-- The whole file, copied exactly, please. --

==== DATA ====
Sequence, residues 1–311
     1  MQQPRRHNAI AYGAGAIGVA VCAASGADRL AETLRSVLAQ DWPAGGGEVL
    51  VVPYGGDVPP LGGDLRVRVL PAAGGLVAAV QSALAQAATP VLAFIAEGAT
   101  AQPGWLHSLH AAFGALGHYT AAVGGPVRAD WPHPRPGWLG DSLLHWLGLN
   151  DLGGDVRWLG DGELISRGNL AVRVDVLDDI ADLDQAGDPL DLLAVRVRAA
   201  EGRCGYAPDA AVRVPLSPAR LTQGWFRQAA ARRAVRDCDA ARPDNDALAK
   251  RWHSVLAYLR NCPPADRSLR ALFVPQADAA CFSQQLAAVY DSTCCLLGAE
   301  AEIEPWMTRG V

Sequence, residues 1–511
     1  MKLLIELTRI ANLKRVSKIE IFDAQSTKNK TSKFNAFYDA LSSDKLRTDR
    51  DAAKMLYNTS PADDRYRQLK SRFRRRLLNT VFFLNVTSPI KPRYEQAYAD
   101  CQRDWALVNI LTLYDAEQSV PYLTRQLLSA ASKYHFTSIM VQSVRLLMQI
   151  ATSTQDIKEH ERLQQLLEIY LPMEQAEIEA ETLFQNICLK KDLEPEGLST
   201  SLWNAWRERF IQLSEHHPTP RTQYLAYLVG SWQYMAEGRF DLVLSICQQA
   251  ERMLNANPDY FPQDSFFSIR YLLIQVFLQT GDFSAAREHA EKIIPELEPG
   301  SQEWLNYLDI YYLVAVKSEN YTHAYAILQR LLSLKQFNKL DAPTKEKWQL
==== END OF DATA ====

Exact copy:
Sequence, residues 1–311
     1  MQQPRRHNAI AYGAGAIGVA VCAASGADRL AETLRSVLAQ DWPAGGGEVL
    51  VVPYGGDVPP LGGDLRVRVL PAAGGLVAAV QSALAQAATP VLAFIAEGAT
   101  AQPGWLHSLH AAFGALGHYT AAVGGPVRAD WPHPRPGWLG DSLLHWLGLN
   151  DLGGDVRWLG DGELISRGNL AVRVDVLDDI ADLDQAGDPL DLLAVRVRAA
   201  EGRCGYAPDA AVRVPLSPAR LTQGWFRQAA ARRAVRDCDA ARPDNDALAK
   251  RWHSVLAYLR NCPPADRSLR ALFVPQADAA CFSQQLAAVY DSTCCLLGAE
   301  AEIEPWMTRG V

Sequence, residues 1–511
     1  MKLLIELTRI ANLKRVSKIE IFDAQSTKNK TSKFNAFYDA LSSDKLRTDR
    51  DAAKMLYNTS PADDRYRQLK SRFRRRLLNT VFFLNVTSPI KPRYEQAYAD
   101  CQRDWALVNI LTLYDAEQSV PYLTRQLLSA ASKYHFTSIM VQSVRLLMQI
   151  ATSTQDIKEH ERLQQLLEIY LPMEQAEIEA ETLFQNICLK KDLEPEGLST
   201  SLWNAWRERF IQLSEHHPTP RTQYLAYLVG SWQYMAEGRF DLVLSICQQA
   251  ERMLNANPDY FPQDSFFSIR YLLIQVFLQT GDFSAAREHA EKIIPELEPG
   301  SQEWLNYLDI YYLVAVKSEN YTHAYAILQR LLSLKQFNKL DAPTKEKWQL